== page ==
Nage: Featuring Farm-to-Table Dining in Rehoboth
Have you visited Nage restaurant in Rehoboth Beach? Every Thursday, Nage features a Farm to Table series highlighting a different local, sustainable, and organic farmer. The specials are different each time and are dictated by what the farmer brings. The series is concluded with a dinner at one of the farms, Fifer Orchards Farm in Dover, DE. What an amazing way to support local farmers!
Although it is out of the way, we would be in Rehoboth for a show at the Bottle and Cork on a Thursday. Kismet! I immediately called to make reservations. There are so many delicious dinner options up that way but I was surprised to find Nage across from the outlets, next to a liquor store, in a strip mall. Not one to judge a book by its cover, I kept an open mind. The interior was incredibly cozy, high end, and could have been found in any trendy downtown area. We were immediately transported.
The first thing you see is their wine bar and huge selection of wines and tasting options- well at least that’s the first thing that I saw. They have a really cool wine dispenser that I’m thinking I need at my house. It holds a variety of wines at the perfect temperature and has spouts for easy pouring. Jackpot.
The walls of the wine bar and dining room feature a series called “The Face of Farming” from local photographer Kathleen Buckalew. Delightful portraits of local farmers were paired with bios and anecdotal stories. Another creative way to feature and support local farmers. In addition to purchasing local foods and featuring them so prominently on their menu, this confirmed Nage’s commitment to support local farmers.
We sat in the wine bar area at a comfortable high-top table and tall couch. The restaurant was very busy but we had made reservations. After an incident with stolen truffle fries we were ready to order. A food runner brought someone else’s order of fries to our table. Being starved and excited, we were half-way through before we realized we had never ordered them. I rationalized that maybe this was their version of a bread basket. It is not. So embarrassing!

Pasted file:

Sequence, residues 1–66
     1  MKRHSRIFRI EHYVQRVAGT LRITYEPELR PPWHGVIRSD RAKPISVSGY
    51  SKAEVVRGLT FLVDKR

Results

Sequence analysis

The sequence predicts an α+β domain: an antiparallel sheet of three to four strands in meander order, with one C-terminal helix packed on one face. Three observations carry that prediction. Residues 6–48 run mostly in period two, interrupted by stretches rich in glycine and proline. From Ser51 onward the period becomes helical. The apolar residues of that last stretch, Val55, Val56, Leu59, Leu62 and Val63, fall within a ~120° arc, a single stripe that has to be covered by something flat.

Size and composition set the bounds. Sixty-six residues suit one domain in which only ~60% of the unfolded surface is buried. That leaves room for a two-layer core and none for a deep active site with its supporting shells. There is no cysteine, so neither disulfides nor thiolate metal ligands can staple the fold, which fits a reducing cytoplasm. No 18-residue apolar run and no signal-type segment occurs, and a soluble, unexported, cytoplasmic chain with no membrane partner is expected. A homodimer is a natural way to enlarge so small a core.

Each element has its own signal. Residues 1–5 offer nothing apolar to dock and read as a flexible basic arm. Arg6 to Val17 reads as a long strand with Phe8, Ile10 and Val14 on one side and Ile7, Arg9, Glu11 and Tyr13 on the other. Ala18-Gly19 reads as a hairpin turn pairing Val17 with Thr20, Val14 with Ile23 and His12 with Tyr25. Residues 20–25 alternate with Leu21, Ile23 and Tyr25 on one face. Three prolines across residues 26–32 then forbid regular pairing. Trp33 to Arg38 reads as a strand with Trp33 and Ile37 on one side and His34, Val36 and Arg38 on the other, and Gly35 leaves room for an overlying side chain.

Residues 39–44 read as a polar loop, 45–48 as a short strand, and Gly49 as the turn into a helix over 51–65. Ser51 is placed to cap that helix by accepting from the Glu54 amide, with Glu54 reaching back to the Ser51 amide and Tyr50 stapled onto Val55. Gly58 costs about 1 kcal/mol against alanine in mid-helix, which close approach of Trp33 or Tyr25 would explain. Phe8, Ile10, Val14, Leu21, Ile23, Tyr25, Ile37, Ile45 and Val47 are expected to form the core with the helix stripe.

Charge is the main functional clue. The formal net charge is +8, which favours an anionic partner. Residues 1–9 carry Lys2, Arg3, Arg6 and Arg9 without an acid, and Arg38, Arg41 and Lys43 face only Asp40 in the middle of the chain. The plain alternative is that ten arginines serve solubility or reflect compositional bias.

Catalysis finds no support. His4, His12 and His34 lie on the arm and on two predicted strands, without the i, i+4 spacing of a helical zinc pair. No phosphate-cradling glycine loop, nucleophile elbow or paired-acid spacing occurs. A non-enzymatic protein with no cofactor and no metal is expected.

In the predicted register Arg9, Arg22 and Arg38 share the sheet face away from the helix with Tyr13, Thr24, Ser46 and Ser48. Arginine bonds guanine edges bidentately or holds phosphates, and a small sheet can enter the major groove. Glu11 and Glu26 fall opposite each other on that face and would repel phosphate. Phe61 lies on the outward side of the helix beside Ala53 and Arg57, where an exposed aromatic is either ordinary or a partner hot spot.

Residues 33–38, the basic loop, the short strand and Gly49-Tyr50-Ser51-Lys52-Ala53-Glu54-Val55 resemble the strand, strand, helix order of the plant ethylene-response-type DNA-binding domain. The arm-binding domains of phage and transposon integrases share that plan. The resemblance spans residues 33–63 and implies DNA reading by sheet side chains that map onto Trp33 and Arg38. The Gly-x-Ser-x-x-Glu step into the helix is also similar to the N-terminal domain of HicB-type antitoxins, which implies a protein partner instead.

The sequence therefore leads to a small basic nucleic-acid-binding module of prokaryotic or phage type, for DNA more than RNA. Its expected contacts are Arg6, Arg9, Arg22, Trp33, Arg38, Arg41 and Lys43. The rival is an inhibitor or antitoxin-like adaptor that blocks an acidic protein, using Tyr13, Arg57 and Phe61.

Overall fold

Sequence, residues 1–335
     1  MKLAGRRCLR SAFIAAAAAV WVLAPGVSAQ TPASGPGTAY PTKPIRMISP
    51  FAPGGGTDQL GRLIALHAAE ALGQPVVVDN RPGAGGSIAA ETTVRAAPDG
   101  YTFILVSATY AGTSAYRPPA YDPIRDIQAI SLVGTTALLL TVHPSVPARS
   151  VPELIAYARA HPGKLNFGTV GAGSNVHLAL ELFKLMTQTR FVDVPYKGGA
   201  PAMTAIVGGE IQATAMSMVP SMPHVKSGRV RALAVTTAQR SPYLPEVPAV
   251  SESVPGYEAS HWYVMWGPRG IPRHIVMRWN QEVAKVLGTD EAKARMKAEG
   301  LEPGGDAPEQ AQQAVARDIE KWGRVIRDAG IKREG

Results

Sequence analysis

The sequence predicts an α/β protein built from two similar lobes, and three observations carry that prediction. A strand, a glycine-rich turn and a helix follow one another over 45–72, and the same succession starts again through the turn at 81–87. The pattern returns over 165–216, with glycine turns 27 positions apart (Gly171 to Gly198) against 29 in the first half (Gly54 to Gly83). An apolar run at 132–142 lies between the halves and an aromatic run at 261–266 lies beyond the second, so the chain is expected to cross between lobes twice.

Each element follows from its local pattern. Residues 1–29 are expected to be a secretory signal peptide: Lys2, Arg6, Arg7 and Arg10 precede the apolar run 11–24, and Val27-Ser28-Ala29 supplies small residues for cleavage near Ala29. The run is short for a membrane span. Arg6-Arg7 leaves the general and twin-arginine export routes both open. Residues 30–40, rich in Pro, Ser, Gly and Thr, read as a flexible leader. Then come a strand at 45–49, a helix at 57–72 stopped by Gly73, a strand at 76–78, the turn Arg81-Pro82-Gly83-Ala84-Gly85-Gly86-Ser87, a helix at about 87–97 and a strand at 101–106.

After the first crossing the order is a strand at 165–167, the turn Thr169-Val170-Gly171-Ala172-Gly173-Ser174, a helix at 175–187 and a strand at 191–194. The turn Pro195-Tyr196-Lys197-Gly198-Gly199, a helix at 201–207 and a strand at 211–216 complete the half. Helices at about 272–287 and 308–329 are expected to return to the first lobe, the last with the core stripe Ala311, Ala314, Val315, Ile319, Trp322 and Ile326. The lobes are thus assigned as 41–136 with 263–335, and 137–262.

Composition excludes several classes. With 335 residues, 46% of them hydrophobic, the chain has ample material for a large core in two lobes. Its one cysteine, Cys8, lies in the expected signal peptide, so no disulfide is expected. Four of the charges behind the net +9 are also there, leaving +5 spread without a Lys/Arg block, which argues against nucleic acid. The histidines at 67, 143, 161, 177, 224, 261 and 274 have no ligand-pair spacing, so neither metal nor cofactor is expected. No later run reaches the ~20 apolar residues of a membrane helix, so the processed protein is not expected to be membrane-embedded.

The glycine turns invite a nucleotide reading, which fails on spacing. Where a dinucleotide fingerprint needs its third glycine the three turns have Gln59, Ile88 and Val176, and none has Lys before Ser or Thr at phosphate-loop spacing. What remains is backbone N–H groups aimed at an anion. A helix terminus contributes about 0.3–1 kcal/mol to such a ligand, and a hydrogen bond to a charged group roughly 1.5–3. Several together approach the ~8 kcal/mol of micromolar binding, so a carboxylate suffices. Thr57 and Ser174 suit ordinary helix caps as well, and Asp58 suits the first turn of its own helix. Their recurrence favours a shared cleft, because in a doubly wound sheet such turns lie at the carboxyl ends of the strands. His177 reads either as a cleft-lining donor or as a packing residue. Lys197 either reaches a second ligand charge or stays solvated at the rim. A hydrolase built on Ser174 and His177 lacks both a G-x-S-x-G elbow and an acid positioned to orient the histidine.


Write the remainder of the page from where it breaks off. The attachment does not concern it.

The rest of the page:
The menu was small but complete and the Farm to Table specials were creative and unique. I can never decide. In an admittedly selfish attempt to mitigate my anticipated food envy, I always offer to share multiple items. Luckily my sister is usually on board. When the server came to take our order, we peppered him with appetizers, small plates, and entrées. When he walked away, we looked at each other with nervous anticipation at the amount of food we had just ordered.
He served this milieu of food in the perfect progression. We started with the Baked Oyster Asiago. These are sold individually so are easy to sample. The oysters are baked with spinach, mushrooms, fennel, and (of course) cheese. I could have eaten a dozen. Next, we ordered Bob Russels Tomato Gazpacho from the Farm to Table series. Yellow tomatoes were blended to create a smooth soup base with rustic cut chunks of Evens Farm watermelon, lump crabmeat and cilantro. The unusual tomato/watermelon combination was so incredible that I was trying to figure out how I could make this at home. Our next appetizer, Ginger Seared Scallops, was soon to follow. This dish included two scallops that were seared crisply on the outside with a tender center. Paired perfectly with the scallops was a salad of cucumber, celery, pear, and peanuts. It tasted like a seaweed salad but had a delightful, fresh crunch.
On to the much anticipated heavy courses: Mac n-Cheese and Lobster Ricotta Gnocchi. It is no secret that I am in love with cheese. Although one of these dishes would have probably been enough for us to share, I am so glad that we ordered both. The Mac-n-Cheese was made with truffles, English peas, and wild mushrooms; heavenly. I was sold at truffles. The gnocchi had broccolini, eggplant, pine nuts, harissa honey, and shishito peppers. The sauce was sweet but savory and the gnocchi were perfectly dense. Brian ordered a Nage classic: the Pan Roasted Chicken. He said that it was ideally moist. The small and crispy drop dumplings were a little bit outside the box pushing the limits of tradition ever so slightly. After a meal like that, dessert was out of the question. We will be back for the sea salt caramel crème brulee.
Overall, Nage was a home run. Once we entered the restaurant, the outside setting was nonexistent. We felt comfortable and cozy — after the whole ‘stealing fries’ thing. This is the way I love to enjoy my meals. The menu featured a balance of innovative surprises and classic combinations; consistent with their promise to deliver “creative food without the ‘tude.” You could feel the sense of community; in the patrons, the staff, and the local farmers that were so obviously supported. Nage is definitely worth the drive.
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